What causes dry eyes?
Do your eyes often feel dry or itchy? Do you sometimes have irritated, or blurred vision? You may be suffering from dry eye syndrome (DES). Dry eye syndrome is a chronic disorder where your eyes do not produce or maintain enough tears to adequately lubricate the eye surface. Symptoms range from a gritty, or foreign body sensation in the eyes, to burning, irritating dryness.
You can also have excess watering as the eyes try to maintain their moisture balance. DES often occurs with age, but can be exacerbated by hormonal changes (as with pregnant or menopausal women), taking oral contraceptives, or using drugs such as antihistamines, antidepressants, or blood pressure medications. Our modern world, with its electronic devices, such as computers, tablets, and cell phone viewing, plays a role in fatigued and dry eyes as well. As does heat and air conditioning, medical conditions such as diabetes, arthritis and lupus, and thyroid disease. People who have had eye surgery, including laser vision therapy, and those who have worn contact lenses for many years, are also vulnerable to DES.
Comprehensive Eye Exam for Dry Eye Syndrome
Comprehensive eye exams are key to diagnosing DES. Treatment can greatly help symptoms, so It’s important to inform your eye health professional of any dry eye symptoms. Often, optometrists will administer tests to measure how quickly tears evaporate from the surface of the eye. One test, called the Tears Break Up Time test, uses a simple dye an optometrist administers before counting the time it takes the eyes to clear the dye. A longer clearing time indicate a lipid, or oil deficiency in the tears. This likely means the oil glands in the eyelids are not working properly. The Schirmer test is another diagnostic tool performed less often the the tear test. For this, an optometrist places a strip of paper under the eyelid to determine the amount of moisture on the strip.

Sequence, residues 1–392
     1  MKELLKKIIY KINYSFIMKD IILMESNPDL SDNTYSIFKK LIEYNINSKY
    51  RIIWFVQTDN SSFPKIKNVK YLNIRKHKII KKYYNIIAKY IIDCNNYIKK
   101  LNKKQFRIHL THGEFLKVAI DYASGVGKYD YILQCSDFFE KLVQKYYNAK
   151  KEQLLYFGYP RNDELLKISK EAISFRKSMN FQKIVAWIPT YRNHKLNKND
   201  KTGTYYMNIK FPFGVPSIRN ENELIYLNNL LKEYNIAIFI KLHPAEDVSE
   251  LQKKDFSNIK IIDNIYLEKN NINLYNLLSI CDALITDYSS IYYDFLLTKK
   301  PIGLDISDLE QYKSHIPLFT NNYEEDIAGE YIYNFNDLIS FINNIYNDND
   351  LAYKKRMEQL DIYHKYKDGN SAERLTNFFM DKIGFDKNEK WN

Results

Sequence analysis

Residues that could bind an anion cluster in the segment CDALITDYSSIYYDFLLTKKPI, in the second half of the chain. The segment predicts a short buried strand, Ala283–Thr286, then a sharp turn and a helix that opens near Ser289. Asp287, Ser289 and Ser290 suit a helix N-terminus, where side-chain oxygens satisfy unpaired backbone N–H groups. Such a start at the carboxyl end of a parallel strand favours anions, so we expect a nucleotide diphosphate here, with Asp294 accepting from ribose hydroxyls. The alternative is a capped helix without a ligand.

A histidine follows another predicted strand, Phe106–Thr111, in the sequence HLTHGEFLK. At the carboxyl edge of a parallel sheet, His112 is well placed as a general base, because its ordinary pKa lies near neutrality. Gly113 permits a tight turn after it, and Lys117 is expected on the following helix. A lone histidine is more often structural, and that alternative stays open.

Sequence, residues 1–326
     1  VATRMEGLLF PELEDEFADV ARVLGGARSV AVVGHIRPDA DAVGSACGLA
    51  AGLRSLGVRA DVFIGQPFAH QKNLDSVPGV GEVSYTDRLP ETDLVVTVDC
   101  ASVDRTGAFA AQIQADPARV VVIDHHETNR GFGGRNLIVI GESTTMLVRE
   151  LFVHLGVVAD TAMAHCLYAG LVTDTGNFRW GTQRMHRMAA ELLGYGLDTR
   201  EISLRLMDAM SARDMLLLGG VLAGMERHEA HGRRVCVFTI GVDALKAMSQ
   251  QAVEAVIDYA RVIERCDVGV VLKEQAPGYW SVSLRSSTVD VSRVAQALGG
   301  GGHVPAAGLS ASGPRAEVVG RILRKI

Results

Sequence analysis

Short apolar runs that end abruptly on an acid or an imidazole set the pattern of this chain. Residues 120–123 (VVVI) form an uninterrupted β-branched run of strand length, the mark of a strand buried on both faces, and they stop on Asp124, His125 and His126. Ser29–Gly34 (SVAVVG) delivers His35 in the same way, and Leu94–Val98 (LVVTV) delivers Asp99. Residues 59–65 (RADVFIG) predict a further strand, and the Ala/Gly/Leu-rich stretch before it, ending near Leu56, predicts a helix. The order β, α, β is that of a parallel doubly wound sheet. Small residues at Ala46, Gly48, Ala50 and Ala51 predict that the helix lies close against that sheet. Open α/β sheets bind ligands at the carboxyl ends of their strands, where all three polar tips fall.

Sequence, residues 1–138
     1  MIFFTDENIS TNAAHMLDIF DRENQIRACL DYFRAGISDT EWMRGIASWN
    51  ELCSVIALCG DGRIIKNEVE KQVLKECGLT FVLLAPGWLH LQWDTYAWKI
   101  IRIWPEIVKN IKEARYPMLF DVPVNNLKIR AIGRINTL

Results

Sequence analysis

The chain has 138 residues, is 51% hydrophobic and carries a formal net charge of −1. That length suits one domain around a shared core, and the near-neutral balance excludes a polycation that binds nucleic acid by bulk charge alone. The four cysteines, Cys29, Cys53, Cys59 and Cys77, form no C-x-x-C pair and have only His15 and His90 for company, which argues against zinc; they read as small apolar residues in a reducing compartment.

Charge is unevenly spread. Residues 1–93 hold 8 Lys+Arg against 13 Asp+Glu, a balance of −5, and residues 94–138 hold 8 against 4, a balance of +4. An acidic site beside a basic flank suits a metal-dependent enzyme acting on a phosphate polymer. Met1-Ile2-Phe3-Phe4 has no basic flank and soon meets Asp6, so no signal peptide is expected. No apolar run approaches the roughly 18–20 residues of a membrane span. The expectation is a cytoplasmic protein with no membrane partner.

Newer, more specific and state of the art tests include the OCULUS Keratograph 5M imaging system which takes external images of the eye and examines the Meibomian glands (on the eyelid) in a less invasive way than the dye tears break up test. It is also less irritating and gives an accurate measurement and evaluation of the lipid layer, the tear layer on the surface of the eye. The I-PEN Tear Osmolarity System is another highly accurate diagnostic tool used by some optometrists. It is a hand-held “pen” that detects and measures the oil lipid concentration in surface tears. It too gives an accurate and comfortable measure for dry eye diagnostics and levelling.
Treatment for Dry Eye Syndrome
There are several treatments for dry eye syndrome. Some involve simple self care, such as lubricating drops, warm compresses, using humidifiers or avoiding long stretches in front of electronic devices. Another include inserts with lubricating fluids. Treatment methods and their effectiveness are greatly enhanced when accompanied by an accurate, personalized diagnosis by your eye health professional. To book your assessment and consult please visit Dry Eye Clinic page.